Tuesday, December 1, 2009

My Most Excellent Year

Biblio Bits My Most Excellent Year by Steve Kluger, Dial Books, 2008 (ISBN 9780803732278)

Reading Level/Interest Age 1030 lexile/Ages 13+

Genre Realistic Fiction, Humor, Romance

Plot Summary
Ninth grade holds some surprises for T.C., Augie, and Alejandra. T.C. doesn't expect to fall head-over-heels for the new girl, Alejandra, the smart, politically-minded, daughter of an ambassador, who has zero interest in his attention. Augie, T.C's Chinese-American "brother," doesn't expect to direct the school talent show or to have his first crush on a boy (and he really doesn't expect that everyone already knows he's gay!). Alejandra (or Ale) has no idea what to expect from a public school, she doesn't expect to get on stage and perform in front of an audience, and she does not expect that she can ever live up to the plan that her parents have for her. She certainly doesn't expect that she'll ever give the time of day to T.C.! None of them expect that a deaf six year-old boy will change their lives. This romantic comedy is a roaring good time and is told in IMs, emails, and letters between the characters.

Critical Evaluation
What a crazy cast of characters, but somehow Kluger makes it all work so well together in this book. I was skeptical about the IM, email, and letter-written format when I started it, figuring it would be distracting and just a cute gimmick. But it really worked here and actually enhanced the flow and pace of the story. Each of the three main characters, T.C., Ale, and Augie, alternate "narration" in each chapter, yet the narration comes from their own content (letters), as well as content by others (parents, friends, and even some people who are mostly on the periphery). This is a classic romantic comedy, so we know the ending will be positive. But it's not just fluff, there's some real depth. Themes about identity and self-discovery, friendship, grief, and dreams. This is a book about engaged youth who care about each other, good causes, their families, and they are teens who ultimately do good things for the world.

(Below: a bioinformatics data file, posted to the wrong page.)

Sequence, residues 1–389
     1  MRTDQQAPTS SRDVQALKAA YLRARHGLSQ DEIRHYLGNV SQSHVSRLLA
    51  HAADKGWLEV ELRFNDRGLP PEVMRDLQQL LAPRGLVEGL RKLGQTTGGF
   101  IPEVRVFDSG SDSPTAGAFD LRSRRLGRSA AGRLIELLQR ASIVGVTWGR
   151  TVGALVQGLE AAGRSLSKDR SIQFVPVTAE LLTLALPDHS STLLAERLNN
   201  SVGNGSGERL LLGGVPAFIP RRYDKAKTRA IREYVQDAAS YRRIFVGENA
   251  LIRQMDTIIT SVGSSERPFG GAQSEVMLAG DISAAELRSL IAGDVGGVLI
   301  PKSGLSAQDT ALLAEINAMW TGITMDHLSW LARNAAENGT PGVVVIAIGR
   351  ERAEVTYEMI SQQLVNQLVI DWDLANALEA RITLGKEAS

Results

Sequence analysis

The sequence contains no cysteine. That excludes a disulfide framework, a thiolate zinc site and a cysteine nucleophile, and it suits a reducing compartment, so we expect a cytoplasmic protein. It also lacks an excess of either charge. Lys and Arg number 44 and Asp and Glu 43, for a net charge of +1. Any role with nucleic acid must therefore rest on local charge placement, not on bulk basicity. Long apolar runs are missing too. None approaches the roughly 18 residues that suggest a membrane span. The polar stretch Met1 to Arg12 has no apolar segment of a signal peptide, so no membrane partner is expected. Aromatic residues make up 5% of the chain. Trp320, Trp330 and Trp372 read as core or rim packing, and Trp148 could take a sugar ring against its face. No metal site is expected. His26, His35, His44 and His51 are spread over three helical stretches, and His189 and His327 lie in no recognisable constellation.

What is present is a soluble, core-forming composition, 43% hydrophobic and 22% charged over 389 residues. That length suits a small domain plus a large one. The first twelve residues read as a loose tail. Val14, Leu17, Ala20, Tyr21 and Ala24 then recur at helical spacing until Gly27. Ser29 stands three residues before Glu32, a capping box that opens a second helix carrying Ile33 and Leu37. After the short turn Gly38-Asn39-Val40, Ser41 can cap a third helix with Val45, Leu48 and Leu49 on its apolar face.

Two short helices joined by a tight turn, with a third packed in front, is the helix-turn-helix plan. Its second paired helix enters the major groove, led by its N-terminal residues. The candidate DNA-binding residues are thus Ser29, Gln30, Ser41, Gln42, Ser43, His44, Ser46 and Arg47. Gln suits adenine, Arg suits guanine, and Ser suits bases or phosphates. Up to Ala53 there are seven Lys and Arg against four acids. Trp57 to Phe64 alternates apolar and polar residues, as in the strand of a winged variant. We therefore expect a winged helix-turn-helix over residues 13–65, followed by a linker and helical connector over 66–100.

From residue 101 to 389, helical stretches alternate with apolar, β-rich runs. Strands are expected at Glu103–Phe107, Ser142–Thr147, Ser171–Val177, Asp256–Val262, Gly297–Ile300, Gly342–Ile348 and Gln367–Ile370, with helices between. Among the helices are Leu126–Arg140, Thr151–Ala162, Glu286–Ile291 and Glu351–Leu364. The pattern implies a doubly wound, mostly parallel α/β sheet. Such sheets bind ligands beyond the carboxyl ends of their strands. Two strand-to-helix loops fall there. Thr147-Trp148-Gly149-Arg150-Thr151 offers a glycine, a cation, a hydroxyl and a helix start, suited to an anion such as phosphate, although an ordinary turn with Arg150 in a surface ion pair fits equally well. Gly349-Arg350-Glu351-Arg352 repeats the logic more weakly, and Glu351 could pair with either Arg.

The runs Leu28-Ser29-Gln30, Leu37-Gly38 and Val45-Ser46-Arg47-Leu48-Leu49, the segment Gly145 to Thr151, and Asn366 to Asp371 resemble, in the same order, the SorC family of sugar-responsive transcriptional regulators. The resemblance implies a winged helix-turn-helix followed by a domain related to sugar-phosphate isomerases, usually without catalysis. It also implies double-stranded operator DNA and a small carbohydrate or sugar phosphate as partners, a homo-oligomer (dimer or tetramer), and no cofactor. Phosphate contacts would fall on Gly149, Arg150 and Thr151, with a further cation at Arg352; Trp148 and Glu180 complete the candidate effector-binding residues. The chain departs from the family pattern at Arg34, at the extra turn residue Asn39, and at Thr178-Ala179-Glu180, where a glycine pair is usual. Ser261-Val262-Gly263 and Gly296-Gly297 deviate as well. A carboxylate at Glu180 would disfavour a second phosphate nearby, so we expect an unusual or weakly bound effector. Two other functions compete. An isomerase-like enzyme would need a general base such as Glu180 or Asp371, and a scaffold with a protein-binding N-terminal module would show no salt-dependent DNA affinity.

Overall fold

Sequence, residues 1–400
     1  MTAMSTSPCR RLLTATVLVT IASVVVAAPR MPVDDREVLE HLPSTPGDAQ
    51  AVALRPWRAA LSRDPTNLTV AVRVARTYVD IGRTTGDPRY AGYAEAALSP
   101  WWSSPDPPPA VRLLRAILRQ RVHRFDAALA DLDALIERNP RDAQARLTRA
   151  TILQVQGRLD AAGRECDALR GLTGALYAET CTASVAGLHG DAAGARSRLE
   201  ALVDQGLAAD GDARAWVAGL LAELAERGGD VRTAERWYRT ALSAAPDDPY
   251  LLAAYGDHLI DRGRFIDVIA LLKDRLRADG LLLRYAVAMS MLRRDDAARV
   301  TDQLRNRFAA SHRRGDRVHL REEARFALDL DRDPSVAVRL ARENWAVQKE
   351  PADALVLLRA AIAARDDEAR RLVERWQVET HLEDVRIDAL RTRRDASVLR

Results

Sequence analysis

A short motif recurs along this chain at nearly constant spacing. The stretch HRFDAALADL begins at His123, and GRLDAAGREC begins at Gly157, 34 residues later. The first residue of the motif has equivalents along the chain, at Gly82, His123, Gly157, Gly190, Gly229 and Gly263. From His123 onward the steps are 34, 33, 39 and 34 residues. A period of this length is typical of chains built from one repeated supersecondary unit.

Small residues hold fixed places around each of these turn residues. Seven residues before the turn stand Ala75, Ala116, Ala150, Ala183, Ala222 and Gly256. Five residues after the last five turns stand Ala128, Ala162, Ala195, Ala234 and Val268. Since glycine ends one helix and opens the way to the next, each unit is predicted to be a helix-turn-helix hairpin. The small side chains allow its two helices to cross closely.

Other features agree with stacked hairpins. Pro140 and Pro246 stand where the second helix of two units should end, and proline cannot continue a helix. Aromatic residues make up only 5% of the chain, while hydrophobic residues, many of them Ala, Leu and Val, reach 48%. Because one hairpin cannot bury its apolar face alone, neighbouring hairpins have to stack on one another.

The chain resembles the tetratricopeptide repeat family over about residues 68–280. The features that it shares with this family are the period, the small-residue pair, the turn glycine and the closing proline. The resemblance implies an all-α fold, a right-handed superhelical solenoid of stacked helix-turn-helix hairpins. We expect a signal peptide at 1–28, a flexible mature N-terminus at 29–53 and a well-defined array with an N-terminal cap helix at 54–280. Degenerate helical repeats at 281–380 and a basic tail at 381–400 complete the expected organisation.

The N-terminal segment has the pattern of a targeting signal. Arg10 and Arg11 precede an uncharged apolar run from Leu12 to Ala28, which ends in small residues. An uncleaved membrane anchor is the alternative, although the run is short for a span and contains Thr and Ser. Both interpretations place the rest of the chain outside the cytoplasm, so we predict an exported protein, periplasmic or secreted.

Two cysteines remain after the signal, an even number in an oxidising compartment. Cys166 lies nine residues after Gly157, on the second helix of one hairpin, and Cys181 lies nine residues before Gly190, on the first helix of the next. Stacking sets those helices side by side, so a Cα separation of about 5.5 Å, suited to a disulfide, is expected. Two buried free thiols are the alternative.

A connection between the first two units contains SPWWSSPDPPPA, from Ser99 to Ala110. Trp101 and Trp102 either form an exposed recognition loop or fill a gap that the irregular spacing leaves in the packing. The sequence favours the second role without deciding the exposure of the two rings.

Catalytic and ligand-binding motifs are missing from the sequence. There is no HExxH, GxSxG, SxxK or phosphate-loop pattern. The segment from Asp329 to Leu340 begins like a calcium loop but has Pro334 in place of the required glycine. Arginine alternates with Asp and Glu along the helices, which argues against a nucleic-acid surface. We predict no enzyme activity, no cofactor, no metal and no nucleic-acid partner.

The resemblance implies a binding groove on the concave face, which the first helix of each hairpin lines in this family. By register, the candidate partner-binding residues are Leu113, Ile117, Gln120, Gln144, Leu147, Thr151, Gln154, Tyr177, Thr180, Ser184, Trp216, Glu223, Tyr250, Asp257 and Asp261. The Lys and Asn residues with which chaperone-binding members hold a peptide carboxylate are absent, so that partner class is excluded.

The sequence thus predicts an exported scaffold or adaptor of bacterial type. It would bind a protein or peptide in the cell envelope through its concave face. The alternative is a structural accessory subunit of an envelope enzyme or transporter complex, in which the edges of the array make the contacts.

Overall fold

Reader's Annotation
Dancing, theatrical productions, romance...Wait! Wait! There's also baseball, die-hard Red Sox fans, and baseball trivia. There's an ace lip-reader who steals pitching signs to tip off the batter. It's all tied up in this story about a few kids and the stuff they care about.

Author Information
Steve Kluger was born in 1952 and grew up in Maryland. He has worked as an actor and playwrite. He's a gay activist and an ardent baseball fan. Kluger has written plays and books for adults and youth, many of which feature baseball. He lives in Boston, "the only city in the world." (Information for this author biography are from his official website and the Gale's Contemporary Authors Online, 2002.)

Challenge issues
Some swearing, a pretty liberal worldview, and a gay protagonist might be the areas that would draw negative attention.

Booktalking Ideas
It's a tough sell to get this book into the hands of boys because of the darn girly cover (softcover has a slightly less girly look). So I would choose NOT to show the cover at all. I would introduce listeners to the three main characters who share the fact that during their ninth grade year, each of them faces some unexpected challenges...but I would stress the fact that I laughed my way through the whole book! It definitely falls in the category of Love with a Laugh, and I might pair it with An Abundance of Katherines (Green, 2006), What My Mother Doesn't Know (Sones, 2001), and Angus, Thongs, and Full-Frontal Snogging (Rennison, 2000).

Curriculum Ties
I love how the English teacher has the students writing letters. T.C. writes to his mom, Augie writes to movie stars, and Ale writes to Jackie Kennedy. (And of course Hucky writes to Mary Poppins.) With the exception of Hukcy, these letters won't be sent (many recipients are dead anyway). What does it mean to write a letter that you know won't reach it's addressee? Each of our three main characters has chosen their letter recipient to be someone who they feel knows them and their experience somehow. Have students pick someone to write to---alive or dead---who they share something with: share a problem or issue and ask for their advice. Students will need to refer to things in the recipient's life that show that they "know" them, like Augie, Tick, and Ale do.

Why this book?
Funny, funny, and funny. And then I cried at the end. But what I really love is how the friendship between Augie and T.C. is portrayed: totally supportive (including when they razz each other!) and completely believable.


Rockport Public Library owns?

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